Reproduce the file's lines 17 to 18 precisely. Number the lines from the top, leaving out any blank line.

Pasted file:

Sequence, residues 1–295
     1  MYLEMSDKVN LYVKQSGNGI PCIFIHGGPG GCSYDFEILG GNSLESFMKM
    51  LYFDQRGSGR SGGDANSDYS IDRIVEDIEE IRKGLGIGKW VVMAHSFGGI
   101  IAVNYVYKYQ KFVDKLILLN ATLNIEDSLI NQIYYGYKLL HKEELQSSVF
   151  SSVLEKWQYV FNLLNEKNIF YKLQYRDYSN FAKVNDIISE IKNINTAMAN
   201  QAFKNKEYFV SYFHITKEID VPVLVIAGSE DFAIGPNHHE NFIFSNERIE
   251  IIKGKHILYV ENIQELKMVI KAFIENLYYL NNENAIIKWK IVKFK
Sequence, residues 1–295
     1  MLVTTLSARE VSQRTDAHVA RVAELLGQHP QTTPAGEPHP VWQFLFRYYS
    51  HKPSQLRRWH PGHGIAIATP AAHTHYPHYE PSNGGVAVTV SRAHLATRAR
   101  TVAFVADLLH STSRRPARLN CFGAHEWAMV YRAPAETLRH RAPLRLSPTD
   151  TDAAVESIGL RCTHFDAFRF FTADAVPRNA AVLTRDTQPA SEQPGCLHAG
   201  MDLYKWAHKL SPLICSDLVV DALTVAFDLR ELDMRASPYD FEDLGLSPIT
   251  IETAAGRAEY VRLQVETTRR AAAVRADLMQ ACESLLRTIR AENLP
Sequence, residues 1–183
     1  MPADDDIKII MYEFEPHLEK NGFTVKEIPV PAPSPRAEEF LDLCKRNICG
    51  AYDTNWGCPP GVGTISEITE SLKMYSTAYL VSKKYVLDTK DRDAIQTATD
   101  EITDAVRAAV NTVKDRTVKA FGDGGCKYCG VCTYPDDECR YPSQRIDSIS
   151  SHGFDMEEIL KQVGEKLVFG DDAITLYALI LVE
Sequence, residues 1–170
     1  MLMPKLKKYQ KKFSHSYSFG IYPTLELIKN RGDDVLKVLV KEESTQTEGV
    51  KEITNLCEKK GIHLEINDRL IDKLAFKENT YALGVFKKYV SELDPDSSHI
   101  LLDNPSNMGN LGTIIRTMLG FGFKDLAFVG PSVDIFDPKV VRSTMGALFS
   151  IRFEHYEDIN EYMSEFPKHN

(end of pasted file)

    51  AYDTNWGCPP GVGTISEITE SLKMYSTAYL VSKKYVLDTK DRDAIQTATD
   101  EITDAVRAAV NTVKDRTVKA FGDGGCKYCG VCTYPDDECR YPSQRIDSIS